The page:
Regeneron Genetics Center partners with Viking Genes to read DNA in volunteer genes

The Regeneron Genetics Center - a world-leading organization studying genetic causes of and interventions for disease - has agreed to use their facilities and expertise to exome sequence the DNA of Viking Genes volunteers. Learn more about what that means here.

What's whole exome sequencing?

3 lab specialists standing next to DNA extraction Machine in the Western general Hospital Clinical Research Facility, Edinburgh

The exome is the part of our DNA (genome) that codes for proteins, the workhorses of the cell. This is about 2% of all the DNA we have, but it’s the most important part. Exomes are the most studied and understood part of the genome, where many genetic variants influencing a person’s chance of getting a condition are found. Whole exome sequencing tells researchers which variants are found within each person’s exome. 

We sent DNA samples to the Regeneron Genetics Center for exome sequencing in September 2023. This has been made possible thanks to funding from the MRC. Our lab worked hard to get the DNA from our many thousands of volunteers’ saliva samples. This was completed more quickly thanks to three new automated DNA extraction platforms they recently received. 

Why are you whole exome sequencing volunteer samples?

Understanding exomes is very useful for the research we do in VIKING Genes. It makes it possible for us to study a wide variety of variants. This includes rare variants that only a few people carry, some of which will never have been seen before. We'll use the information to develop our understanding of common complex diseases, such as cancer, heart disease, stroke and eye disease. Rare variants found in exomes also play an important role in some rare genetic conditions. We will also analyse these.

I am excited to continue our collaboration with Prof Alan Shuldiner and the Regeneron Genetics Center, as part of their DRIFT programme (Discovery Research Investigating Founder Population Traits). We are joining forces to read the DNA in all the genes in our volunteers and thus discover the rare genetic variants that are special to Orkney and Shetland. The contribution by the Regeneron Genetics Center, to the collaboration, would usually cost millions of pounds. By working with one of the world's largest human genomics projects, we can accelerate the discovery of new drugs.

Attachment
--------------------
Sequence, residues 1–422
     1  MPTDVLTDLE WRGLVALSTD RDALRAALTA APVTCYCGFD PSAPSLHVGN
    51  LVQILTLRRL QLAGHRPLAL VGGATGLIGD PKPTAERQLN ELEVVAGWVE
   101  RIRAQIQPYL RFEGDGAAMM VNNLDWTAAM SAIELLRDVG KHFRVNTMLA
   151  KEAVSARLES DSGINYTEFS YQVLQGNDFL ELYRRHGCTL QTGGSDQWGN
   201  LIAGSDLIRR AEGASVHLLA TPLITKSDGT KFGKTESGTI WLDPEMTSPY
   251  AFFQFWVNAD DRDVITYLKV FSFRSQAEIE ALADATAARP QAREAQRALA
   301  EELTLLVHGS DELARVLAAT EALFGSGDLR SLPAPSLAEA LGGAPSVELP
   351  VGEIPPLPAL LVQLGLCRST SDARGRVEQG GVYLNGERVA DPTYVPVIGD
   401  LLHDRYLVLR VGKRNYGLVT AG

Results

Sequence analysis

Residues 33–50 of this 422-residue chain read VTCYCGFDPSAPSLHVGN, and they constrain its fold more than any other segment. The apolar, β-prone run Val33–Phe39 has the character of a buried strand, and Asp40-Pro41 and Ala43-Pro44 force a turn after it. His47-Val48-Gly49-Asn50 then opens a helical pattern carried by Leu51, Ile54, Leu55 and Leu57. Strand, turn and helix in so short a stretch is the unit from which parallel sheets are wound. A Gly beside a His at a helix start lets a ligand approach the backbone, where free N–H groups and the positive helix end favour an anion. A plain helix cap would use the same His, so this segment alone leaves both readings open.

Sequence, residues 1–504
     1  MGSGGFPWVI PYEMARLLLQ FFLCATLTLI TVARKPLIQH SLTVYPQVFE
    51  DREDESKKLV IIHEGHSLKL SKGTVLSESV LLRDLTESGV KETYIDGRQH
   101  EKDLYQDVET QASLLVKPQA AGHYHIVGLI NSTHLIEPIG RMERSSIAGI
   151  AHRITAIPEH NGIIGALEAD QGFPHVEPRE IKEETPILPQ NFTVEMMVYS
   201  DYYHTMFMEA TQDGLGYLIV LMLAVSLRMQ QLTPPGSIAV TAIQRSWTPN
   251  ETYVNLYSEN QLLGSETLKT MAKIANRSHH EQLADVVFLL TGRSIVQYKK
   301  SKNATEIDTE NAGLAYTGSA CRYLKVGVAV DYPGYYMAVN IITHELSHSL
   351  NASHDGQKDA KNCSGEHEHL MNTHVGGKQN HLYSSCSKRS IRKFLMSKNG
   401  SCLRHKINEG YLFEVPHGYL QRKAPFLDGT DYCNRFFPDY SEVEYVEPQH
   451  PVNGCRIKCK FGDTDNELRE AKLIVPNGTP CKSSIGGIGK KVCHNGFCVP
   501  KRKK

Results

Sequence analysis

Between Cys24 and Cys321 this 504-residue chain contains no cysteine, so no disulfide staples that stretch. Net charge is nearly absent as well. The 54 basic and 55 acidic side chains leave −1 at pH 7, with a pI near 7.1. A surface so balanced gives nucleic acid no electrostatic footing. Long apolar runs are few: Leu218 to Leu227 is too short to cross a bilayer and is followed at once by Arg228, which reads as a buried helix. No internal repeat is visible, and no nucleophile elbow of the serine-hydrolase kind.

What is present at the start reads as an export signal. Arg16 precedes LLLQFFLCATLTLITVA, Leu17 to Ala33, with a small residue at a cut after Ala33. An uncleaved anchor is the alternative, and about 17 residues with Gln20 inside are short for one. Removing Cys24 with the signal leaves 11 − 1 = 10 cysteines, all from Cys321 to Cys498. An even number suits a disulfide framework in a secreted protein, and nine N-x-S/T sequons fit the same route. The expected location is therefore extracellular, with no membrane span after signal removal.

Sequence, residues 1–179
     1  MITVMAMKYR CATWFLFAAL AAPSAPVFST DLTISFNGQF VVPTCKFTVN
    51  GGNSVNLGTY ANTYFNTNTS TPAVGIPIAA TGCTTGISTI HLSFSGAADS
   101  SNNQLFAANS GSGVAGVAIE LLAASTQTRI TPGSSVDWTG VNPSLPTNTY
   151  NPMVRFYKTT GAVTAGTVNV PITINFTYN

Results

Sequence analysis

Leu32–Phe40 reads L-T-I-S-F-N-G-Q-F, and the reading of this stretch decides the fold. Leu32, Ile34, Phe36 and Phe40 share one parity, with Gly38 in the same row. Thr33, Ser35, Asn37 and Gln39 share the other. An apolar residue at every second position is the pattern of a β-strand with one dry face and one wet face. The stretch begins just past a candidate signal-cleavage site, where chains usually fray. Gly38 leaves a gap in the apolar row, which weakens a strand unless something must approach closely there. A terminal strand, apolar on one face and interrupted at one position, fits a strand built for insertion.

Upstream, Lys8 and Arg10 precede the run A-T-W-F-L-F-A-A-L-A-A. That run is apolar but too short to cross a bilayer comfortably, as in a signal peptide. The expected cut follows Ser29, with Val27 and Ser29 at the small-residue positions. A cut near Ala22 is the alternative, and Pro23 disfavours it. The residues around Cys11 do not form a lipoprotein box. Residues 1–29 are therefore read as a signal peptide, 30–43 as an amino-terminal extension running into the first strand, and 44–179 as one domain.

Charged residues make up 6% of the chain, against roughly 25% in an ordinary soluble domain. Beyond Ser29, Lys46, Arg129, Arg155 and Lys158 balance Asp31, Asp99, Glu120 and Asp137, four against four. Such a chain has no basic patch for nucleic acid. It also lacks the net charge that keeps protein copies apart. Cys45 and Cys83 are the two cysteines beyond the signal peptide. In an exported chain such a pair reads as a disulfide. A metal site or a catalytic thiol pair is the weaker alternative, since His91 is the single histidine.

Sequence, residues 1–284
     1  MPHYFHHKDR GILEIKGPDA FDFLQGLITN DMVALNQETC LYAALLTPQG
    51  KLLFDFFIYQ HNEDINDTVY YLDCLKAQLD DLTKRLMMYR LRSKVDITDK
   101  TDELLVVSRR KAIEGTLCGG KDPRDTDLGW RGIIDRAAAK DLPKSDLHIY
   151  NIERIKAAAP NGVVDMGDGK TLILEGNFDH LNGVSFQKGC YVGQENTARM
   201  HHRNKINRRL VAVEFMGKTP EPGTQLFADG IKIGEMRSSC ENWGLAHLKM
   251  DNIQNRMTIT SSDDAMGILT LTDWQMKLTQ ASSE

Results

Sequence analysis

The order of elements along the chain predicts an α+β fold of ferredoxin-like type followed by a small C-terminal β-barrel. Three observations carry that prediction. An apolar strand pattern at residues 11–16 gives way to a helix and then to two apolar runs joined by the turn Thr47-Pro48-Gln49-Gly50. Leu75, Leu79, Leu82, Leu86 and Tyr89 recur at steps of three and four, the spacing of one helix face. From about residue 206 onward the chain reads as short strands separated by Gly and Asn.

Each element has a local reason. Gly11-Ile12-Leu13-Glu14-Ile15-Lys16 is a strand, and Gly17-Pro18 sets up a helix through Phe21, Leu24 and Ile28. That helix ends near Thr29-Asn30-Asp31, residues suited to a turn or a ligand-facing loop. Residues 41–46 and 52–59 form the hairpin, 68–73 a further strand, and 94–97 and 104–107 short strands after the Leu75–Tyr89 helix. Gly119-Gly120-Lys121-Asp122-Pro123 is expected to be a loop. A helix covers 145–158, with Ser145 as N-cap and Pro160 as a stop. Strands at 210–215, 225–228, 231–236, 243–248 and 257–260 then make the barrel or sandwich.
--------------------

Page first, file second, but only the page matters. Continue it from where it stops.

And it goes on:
Professor Jim Wilson
Chief Investigator - Viking Genes

What is the Regeneron Genetics Center?

Regeneron Genetics Center Logo

The Regeneron Genetics Center® (RGC) is one of the world’s largest human genomic research efforts. RGC is a wholly owned subsidiary of Regeneron, a leading biotechnology company with a number of locations around the world. The Regeneron Genetics Center has the technology and capabilities to sequence the exomes of our volunteers and has received the relevant approvals to complete this sequencing on our behalf. If you'd like to learn more about who they are and what they do, you can visit their website below:

Regeneron Genetics Center

What does this mean for me?

This new development does not change anything for our volunteers. Your data and samples are still being held under the strict data privacy policies we have in place. If you would like to read more about how we protect your information, please read our privacy notice below:

Privacy Notice

Kirsty, a lab scientist, pipetting a solution into saliva samples for DNA Extraction

Will any results be returned to me?

Return of genetic results is voluntary. When you joined Viking Genes,  you had the choice about whether or not you would like to have results returned. If you change your mind at any point, you can email us to update your choice. It will still be some time before our team receives the exome sequence data from the Regeneron Genetics Center. The data then need to be analysed, which can also take months.  You may not receive any feedback, because only those with ‘actionable’ genetic findings will hear from us. We estimate that only 2% of volunteers will have an actionable genetic finding. New research means that findings could continue to be made well into the future. We will try to continue to return results for as long as possible.

If I do receive results, what happens then?

Any potentially important findings will be discussed with the NHS Clinical Genetics Service in Aberdeen. In the event that we do find an 'actionable' genetic result in your DNA, we’ll introduce you to an NHS genetics expert. They’ll invite you to provide a sample of blood to confirm the initial research analysis was accurate. An NHS genetics expert will provide you with your results and they’ll discuss what it means for you.

The future

We're very excited to be working with Regeneron. The sooner we get the whole exome sequencing data for our volunteers, the sooner we can carry out vital research into the genetics of common and rare diseases. We will continue to keep you updated on the developments of this new partnership. If you have any questions about this, please feel free to email us at